Paul Cantor
Oct 1, 2016 · 5 min read

Sitting awake in a London hotel room, I’m wondering if caffeine withdrawal is as bad as the kind you get trying to quit heroin. I’ve never quit heroin — or even done it — so I’m hardly the person to answer that question factually.

I woke up around 5 AM with a headache that could be described as something like sliding under a sumo wrestler’s backside and letting him squat down on my face. Which is painful thinking about for reasons beyond the weight.

After a long day of travel, which saw me leave New York Thursday at 10:30 PM on an overnight flight and finally arrive at the hotel, in Mayfair, Friday, around noon, I’d last had a cup of coffee some time around noon on Thursday, back in New York (it’s Saturday now, if that was at all unclear).

I am not an overly-caffeinated person, nor am I the type who fusses over coffee origin, brew method, or any of those fancy first world problems. Though I know some coffee is better than others, I am perfectly okay with mine being made in a cheap drip coffee maker, or even worse, purchased from a 7–Eleven. In fact, I’d even argue that the best coffee in New York is the kind you get from the little stands that sell donuts and bagels, and costs a dollar. But let’s not split hairs or be one of those annoying people who talks too much about coffee.

I merely say that to say, I do not drink much coffee. If I am anything, I am a man of routine, and for the past 8 years, I have awakened and done the same thing every day — eaten one bowl of cereal and drank one, 12 oz. cup of coffee, which I brew myself, in a Mr. Coffee coffeemaker I bought for I think 10 dollars.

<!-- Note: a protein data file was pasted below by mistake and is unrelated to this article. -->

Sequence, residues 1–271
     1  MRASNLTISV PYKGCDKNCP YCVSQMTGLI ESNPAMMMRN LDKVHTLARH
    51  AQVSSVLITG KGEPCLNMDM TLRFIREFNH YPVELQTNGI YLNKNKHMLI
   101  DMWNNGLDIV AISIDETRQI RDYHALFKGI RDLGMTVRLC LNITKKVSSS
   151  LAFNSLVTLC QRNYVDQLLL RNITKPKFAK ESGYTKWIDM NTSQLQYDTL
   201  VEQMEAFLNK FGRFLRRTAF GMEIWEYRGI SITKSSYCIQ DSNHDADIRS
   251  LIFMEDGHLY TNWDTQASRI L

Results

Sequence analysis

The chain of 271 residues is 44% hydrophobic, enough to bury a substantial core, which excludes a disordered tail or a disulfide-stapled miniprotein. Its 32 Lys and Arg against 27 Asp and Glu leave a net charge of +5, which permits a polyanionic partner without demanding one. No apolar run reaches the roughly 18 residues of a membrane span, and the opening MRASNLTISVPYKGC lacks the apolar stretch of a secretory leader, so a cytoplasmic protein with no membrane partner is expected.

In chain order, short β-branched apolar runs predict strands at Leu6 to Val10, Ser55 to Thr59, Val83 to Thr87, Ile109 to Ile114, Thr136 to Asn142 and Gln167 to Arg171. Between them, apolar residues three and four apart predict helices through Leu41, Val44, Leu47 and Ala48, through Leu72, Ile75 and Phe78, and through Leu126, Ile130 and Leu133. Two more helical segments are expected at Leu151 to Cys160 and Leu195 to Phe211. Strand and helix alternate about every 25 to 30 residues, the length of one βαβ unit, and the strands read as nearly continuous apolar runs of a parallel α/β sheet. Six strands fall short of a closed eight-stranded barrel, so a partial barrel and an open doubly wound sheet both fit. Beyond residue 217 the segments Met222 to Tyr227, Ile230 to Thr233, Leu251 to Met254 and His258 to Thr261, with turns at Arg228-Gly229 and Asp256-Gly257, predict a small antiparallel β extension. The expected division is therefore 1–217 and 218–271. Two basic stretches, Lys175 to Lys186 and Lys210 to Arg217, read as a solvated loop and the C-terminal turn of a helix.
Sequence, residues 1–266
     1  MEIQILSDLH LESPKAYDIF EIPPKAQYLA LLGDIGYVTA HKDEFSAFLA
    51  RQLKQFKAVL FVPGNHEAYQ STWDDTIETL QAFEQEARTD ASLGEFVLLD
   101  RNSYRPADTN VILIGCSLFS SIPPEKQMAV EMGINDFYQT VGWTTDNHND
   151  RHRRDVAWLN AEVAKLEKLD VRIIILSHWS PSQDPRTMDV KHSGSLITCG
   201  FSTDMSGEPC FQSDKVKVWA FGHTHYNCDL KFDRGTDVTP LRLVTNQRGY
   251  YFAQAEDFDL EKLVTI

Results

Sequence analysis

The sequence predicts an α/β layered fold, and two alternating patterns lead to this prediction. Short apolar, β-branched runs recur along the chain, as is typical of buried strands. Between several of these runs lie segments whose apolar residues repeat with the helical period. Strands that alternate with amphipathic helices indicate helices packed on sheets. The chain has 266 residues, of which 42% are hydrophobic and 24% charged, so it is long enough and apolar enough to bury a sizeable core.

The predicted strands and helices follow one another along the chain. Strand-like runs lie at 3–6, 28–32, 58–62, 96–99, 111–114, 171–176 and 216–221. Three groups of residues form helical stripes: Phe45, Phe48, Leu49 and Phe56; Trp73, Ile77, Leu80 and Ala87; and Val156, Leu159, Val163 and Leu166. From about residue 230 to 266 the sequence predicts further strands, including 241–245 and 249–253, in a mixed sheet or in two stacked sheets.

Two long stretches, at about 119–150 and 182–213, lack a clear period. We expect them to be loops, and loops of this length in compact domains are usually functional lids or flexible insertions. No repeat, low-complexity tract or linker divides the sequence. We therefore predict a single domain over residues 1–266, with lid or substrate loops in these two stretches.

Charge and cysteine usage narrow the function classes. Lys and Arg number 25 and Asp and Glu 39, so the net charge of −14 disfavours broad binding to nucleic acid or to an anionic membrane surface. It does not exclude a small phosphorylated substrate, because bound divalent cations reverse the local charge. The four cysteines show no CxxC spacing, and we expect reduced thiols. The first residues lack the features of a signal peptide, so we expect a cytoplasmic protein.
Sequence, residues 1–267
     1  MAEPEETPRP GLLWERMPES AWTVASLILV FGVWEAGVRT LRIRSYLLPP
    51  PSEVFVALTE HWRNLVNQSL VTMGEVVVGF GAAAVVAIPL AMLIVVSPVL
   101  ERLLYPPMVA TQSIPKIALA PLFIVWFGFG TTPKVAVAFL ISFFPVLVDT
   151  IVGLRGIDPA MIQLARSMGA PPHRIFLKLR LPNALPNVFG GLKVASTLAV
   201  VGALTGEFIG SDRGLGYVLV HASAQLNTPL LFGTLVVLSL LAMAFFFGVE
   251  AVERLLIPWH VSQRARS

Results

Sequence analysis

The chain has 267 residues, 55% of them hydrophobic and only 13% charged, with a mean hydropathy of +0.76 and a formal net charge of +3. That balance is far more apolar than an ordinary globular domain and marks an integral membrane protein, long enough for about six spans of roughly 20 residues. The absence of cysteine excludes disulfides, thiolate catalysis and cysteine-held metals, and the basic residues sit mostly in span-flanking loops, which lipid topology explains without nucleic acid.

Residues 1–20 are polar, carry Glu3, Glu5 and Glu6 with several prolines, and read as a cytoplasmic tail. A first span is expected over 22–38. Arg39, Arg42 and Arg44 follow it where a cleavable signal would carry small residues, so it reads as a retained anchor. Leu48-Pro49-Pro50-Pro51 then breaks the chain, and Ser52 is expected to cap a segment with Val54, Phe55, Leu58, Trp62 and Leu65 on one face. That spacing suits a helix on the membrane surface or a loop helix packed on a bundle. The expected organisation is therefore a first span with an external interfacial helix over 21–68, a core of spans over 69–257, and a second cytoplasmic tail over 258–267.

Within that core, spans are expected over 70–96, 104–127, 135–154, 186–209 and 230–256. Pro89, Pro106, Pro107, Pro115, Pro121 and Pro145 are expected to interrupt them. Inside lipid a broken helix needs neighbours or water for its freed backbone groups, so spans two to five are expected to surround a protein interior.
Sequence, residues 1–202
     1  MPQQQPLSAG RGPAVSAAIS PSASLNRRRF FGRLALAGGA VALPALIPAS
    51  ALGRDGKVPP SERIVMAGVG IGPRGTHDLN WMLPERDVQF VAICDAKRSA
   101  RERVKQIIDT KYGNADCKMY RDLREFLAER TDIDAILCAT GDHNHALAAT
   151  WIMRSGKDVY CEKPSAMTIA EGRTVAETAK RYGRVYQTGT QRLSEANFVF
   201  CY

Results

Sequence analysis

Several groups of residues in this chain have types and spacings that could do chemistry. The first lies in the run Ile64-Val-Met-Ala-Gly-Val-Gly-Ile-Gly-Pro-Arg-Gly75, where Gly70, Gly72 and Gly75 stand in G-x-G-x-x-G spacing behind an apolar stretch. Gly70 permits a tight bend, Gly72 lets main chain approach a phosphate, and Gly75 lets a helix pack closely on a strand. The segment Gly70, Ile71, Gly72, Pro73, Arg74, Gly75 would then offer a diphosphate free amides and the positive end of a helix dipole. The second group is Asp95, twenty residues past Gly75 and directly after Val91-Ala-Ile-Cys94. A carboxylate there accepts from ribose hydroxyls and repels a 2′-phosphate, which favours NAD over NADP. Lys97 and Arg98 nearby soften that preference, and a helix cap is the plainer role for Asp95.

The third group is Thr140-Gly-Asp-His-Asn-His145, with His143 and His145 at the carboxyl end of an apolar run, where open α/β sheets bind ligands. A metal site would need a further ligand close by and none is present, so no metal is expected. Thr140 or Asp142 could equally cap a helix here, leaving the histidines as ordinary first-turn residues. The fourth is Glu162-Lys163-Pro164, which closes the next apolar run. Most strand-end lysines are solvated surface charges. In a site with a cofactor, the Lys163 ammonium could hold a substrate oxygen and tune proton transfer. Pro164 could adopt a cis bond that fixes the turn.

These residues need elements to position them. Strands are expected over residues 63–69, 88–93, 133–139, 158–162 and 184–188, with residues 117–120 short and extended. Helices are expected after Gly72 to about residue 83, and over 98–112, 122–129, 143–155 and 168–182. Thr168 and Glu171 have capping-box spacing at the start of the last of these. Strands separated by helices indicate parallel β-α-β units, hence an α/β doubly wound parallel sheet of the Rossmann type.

Now, this routine occasionally changes.

During an average day, I may have a second cup of coffee. But it isn’t often.

In the course of a year, perhaps there are 15–20 days total in which I have more than one cup of coffee.

There are reasons why I try to limit how much coffee I drink, the main one being that I believe caffeine is just not very good for you. The way it affects mood, focus, energy — caffeine consumption can potentially be blamed for any number of the psychological problems that ail people.

But everyone reacts to things differently: for me, too much coffee —more than a cup — gets me more wired than I’m comfortable with. Should I need to feel more alert, more vibrant, more aware, I think I should probably get more sleep. Coffee is like a band-aid on bad habits — particularly overworking and not sleeping enough.

Which is how I believe I ended up with this headache, this withdrawal, this painful withdrawal, which had me considering whether I might want to check into a hospital, for fear of needing the kind of painkiller you can’t buy over the counter in a corner store.

In the days preceding my departure, I’d been working like a madman, trying to finish something that had been on my plate for months. While I initially thought I could get it done slowly and methodically, it just wasn’t happening.

So, I engaged in what I consider to be a manic, four day marathon of work, whereby for that entire period of time — 96 hours — I mostly sat in front of my computer and worked, taking periodic breaks to go to the gym and, when possible, sneak in a few hours of sleep.

In truth, I was laying my head to bed around 6–7 in the morning, waking again around 10–11 A.M., then continuing on like that. This is a schedule I have, periodically, at other points in my life, found no problems keeping. But these days, being a bit older and perhaps thus a little less vampiric, it isn’t often that I’m on a schedule like that.